This book aims to provide resources for critical thinking on key aspects of television drama in Britain since 1960, including institutional, textual, cultural and audience-centred modes of study. It explores the continuing popularity of the situation comedy, and makes a convincing case for considering sitcom as a key popular genre. By offering a sense of how 'real' audiences respond to, and engage with, actual programmes in specific social situations, dominant conceptions of the social meanings of Carla Lane's Butterflies and Jimmy Perry and David Croft's Dad's Army are challenged and renegotiated. The book takes up Queer As Folk to focus on its status as an authored intervention in debates about the representation of homosexuality. It demonstrates that The Prisoner series inhabits contradictions by unpacking the complex question of the series's authorship, and the inadequacy of attributing its meanings to its creator, star performer or production team, for example. The book argues that The Demon Headmaster makes a significant contribution to the project of exploring and defining questions of ethics and justice in social organisation, in part, by claiming children's culture as a space of experimentation, resistance and subversion. It looks at the ways in which television drama embodies assumptions about its audience, and pursues this in a sophisticated way in relation to late twentieth-century television adaptations of 'the female Gothic'. The struggle between the BBC power-base in London and its satellite Departments in Northern Ireland, Scotland, and Wales is also dealt with.
In the autumn of 2000, the original cast of Carla Lane's Butterflies reassembled to celebrate Ria's sixtieth birthday as part of the BBC's annual charity appeal Comic Relief. The constant recycling of 'old' situation comedies and their apparently enduring appeal has provoked surprisingly little academic interest. This chapter discusses the complex pleasures of viewing, re-viewing and remembering Butterflies. Most respondents consider Butterflies a 'superior' domestic sitcom in comparison with other popular favourites such as Terry and June, George and Mildred and The Good Life although these shows were also considered enjoyable. Butterflies' themes of marital boredom and frustration have strong similarities to Betty Friedan's interpretation of the discontent and dissatisfaction experienced by white middle-class US housewives in The Feminine Mystique. This book was often dubbed the 'founding' text of second-wave feminism.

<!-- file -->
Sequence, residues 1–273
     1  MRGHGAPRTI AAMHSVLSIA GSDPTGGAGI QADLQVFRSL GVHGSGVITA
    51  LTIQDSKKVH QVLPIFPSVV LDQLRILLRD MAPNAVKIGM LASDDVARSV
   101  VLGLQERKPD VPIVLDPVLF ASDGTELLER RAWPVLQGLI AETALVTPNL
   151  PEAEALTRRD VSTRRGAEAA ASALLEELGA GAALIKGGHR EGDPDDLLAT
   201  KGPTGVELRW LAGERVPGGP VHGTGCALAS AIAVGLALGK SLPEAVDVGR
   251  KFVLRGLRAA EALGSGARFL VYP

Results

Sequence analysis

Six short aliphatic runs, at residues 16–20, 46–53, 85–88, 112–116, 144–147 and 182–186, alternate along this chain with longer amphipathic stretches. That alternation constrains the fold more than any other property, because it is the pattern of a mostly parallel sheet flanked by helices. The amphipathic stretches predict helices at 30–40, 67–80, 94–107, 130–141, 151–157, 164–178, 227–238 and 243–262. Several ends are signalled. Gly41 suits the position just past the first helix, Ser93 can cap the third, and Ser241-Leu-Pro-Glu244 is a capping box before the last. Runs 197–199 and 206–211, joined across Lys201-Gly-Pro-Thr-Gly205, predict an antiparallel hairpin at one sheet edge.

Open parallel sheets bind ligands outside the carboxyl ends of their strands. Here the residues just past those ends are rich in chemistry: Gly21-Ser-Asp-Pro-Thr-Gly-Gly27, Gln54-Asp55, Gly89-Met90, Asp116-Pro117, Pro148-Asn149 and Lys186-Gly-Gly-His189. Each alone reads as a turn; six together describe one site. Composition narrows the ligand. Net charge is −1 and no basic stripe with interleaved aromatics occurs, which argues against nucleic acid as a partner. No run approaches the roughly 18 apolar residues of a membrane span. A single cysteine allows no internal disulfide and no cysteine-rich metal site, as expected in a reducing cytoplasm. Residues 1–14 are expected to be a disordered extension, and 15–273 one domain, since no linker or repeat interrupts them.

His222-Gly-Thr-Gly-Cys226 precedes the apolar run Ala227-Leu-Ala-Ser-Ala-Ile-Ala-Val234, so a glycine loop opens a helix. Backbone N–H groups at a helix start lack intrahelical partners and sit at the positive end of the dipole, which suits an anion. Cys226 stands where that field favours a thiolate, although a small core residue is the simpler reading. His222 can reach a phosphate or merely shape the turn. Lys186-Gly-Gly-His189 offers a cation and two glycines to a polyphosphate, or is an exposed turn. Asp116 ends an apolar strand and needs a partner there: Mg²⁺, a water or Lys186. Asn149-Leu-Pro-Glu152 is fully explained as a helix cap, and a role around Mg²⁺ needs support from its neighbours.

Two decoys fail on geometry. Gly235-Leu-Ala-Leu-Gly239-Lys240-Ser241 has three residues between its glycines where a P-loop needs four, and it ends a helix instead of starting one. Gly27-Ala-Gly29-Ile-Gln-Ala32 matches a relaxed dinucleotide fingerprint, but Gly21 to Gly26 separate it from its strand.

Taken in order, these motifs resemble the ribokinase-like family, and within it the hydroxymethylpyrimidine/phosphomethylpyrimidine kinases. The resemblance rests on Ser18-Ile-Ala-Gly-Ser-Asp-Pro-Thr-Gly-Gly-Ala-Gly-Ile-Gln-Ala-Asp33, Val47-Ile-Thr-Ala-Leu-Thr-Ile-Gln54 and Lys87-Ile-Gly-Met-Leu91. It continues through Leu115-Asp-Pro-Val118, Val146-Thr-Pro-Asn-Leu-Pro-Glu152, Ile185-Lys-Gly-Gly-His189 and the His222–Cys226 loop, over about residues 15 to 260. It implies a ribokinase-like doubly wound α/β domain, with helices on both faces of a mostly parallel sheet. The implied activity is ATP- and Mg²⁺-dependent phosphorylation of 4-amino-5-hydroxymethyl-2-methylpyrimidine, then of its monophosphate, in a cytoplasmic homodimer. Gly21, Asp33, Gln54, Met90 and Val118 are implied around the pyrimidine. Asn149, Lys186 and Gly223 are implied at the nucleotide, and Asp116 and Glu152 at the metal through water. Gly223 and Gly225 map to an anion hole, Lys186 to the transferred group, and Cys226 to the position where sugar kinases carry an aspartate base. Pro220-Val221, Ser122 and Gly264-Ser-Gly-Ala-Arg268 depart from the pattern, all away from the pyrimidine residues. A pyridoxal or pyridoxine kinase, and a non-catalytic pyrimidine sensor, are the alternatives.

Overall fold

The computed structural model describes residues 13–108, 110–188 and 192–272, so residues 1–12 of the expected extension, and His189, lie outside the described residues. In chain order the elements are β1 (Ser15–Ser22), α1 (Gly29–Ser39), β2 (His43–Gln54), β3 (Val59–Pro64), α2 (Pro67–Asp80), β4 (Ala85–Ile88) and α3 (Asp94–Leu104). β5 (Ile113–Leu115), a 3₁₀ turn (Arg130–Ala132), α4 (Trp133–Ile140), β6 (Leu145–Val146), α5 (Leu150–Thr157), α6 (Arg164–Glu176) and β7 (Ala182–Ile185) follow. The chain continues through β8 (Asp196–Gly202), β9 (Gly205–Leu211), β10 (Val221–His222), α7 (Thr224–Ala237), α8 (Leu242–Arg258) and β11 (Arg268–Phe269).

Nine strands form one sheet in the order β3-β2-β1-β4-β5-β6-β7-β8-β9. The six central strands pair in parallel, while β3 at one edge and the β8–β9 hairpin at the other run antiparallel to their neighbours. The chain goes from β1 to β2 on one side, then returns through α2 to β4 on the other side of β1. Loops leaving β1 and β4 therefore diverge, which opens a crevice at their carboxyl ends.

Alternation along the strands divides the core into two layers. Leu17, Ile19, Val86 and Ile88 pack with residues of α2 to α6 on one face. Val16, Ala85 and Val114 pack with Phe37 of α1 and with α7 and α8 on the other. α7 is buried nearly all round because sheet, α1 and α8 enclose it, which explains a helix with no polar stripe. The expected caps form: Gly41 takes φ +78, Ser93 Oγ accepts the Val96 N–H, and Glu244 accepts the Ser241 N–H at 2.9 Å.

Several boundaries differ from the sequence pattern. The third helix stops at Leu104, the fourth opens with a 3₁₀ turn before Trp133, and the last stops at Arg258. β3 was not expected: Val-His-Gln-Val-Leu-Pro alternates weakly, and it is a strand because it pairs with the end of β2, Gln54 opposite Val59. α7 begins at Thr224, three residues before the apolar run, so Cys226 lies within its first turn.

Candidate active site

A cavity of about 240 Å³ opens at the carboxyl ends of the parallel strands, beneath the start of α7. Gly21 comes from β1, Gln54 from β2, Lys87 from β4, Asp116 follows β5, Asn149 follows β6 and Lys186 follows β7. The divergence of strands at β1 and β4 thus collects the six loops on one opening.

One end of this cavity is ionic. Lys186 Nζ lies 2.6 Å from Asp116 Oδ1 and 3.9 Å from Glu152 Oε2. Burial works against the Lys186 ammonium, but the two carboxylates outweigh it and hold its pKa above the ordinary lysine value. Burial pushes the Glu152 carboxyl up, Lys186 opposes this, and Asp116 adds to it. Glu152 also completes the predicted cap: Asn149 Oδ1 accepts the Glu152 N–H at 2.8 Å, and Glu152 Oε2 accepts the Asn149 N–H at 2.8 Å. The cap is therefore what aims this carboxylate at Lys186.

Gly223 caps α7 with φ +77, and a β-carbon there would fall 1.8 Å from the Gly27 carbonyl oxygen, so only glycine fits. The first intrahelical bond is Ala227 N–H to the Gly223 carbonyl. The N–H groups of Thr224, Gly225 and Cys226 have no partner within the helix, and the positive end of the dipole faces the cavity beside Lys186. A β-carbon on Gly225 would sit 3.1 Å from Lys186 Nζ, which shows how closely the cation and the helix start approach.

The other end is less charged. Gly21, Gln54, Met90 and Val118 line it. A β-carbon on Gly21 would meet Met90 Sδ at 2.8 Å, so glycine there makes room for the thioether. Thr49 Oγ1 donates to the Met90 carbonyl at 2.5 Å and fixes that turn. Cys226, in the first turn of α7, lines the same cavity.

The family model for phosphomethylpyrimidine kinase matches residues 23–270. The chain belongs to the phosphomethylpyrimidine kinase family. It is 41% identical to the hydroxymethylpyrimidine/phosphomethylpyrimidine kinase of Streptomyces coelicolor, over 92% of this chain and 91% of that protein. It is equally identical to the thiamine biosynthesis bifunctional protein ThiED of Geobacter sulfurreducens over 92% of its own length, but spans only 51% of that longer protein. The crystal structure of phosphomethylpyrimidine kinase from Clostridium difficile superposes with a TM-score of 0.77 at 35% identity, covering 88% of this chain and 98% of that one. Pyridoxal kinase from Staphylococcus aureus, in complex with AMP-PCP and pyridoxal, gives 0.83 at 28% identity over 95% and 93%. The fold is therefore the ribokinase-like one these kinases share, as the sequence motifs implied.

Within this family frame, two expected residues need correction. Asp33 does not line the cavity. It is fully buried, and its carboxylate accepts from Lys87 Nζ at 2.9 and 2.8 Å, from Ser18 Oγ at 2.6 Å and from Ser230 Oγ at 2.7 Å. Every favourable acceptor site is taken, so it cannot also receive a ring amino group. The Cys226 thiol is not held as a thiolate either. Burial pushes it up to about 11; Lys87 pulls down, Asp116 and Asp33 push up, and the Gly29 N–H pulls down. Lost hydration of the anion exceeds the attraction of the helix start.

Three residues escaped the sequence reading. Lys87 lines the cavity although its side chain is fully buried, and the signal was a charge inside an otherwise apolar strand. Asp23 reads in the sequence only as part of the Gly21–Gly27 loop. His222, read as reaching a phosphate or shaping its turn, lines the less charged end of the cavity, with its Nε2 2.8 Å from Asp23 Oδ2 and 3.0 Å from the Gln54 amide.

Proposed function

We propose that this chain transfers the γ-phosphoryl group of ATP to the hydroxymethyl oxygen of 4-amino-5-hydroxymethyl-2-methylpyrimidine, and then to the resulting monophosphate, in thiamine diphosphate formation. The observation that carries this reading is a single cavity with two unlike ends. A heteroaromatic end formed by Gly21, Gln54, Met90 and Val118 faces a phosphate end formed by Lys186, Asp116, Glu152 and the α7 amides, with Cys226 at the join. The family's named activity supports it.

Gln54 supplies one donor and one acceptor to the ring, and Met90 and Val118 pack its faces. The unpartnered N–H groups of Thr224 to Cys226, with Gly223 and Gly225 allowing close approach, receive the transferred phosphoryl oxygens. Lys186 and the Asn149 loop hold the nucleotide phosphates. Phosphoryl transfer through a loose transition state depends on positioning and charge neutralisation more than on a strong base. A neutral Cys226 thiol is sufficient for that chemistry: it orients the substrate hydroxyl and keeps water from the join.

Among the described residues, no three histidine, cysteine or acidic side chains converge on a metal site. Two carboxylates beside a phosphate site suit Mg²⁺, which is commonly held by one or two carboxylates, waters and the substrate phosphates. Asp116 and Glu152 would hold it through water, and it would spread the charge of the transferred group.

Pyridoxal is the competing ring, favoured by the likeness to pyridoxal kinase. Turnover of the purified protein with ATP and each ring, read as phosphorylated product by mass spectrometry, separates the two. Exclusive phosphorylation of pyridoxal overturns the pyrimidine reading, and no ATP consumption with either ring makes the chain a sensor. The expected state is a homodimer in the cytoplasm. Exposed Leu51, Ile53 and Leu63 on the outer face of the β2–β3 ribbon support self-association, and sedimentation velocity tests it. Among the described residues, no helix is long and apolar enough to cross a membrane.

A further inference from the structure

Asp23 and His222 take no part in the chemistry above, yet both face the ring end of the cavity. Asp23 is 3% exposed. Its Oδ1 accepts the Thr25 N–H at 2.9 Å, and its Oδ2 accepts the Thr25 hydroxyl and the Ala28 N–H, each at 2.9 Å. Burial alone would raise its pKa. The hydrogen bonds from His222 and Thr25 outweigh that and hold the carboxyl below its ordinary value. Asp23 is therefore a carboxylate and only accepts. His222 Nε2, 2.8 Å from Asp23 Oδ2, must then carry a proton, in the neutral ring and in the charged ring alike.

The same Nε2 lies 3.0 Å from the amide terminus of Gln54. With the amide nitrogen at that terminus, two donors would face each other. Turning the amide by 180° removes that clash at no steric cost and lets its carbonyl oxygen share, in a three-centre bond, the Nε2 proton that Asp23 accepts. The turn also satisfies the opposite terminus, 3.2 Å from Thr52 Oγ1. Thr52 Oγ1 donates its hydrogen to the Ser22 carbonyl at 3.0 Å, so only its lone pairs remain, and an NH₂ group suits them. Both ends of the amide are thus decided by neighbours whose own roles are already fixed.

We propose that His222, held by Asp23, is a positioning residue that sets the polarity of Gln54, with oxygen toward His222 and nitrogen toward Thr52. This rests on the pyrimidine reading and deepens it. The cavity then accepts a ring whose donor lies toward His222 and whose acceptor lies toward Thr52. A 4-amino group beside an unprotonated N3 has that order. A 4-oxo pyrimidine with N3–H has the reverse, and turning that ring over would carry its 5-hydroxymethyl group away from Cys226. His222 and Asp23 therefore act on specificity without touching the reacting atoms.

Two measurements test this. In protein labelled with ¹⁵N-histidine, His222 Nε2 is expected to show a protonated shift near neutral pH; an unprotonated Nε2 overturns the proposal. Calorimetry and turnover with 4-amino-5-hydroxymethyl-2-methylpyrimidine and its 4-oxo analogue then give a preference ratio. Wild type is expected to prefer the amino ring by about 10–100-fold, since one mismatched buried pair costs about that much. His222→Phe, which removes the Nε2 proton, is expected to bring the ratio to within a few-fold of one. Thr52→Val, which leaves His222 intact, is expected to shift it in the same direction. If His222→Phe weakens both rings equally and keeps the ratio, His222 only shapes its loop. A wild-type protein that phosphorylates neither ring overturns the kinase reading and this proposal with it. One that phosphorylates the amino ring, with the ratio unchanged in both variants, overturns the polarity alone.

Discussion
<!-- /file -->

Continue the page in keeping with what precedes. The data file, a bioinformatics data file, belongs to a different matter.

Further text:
In terms of television production and scheduling, the ghost story offers an entirely different incentive during the festive season, in that it is sold as 'special', season-specific programming, as part of the Christmas television package. Emphasising the importance of sound in this teleplay, the TV Times article accompanying 'The Open Door' unusually focused on the creation of sound effects for the episode. Mystery and Imagination was produced during an innovative time in the history of British television, often referred to as the 'Golden Age' of television drama, and saw the Gothic drama on television being used to 'showcase' new production technologies and the talents of ABC's creative personnel. The remit behind Ghost Story for Christmas was to produce a television version of classic ghost stories, referencing the tradition of oral ghost storytelling at Christmas, and from 1971 to 1975 these stories were the adapted work of M.R. James.
Monty Python's Flying Circus clearly plays the key role in launching Terry Gilliam as a filmmaker. This chapter also addresses certain pertinent aspects of one of television's greatest comedy shows. One of these aspects is the importance of Gilliam's animation to the style as well as the structure of the show. One of the few self-referential moments occurs in Gilliam's animation, The Killer Cars, in which pedestrian-devouring cars are consumed by a giant mutant cat. Gilliam's animations transfer better than many of the great verbal sketches. Holy Grail is more focused on a single set of characters and a relatively coherent narrative. Hence the animation is decidedly less surreal than on television or in Something Completely Different. Holy Grail gave Gilliam a tough and highly instructive apprenticeship in filmmaking, but the opportunity only arose because he and Terry Jones were Python members.
This chapter connects a study of the commissioning and production processes of the well-known science-fiction drama series Doctor Who with the larger theoretical question of the understandings of 'quality' guiding its production and reception. 'The Daleks' ensures Doctor Who's survival by attracting significant audiences with a futuristic science fiction adventure. As James Chapman has noted, the evaluation and justification of quality in British television drama has focused on its social realist tradition or on its relationship with literature. The chapter shows how the assumptions of the production team, aesthetics of the programme text, audiences, and publicity discourses and merchandising contexts lead to different understandings of 'quality' and negotiations with and between these understandings. Along with merchandise, spin-off and supplementary texts in various media supported the attractions of Doctor Who and especially the Daleks, both stimulating and satisfying Dalek-mania.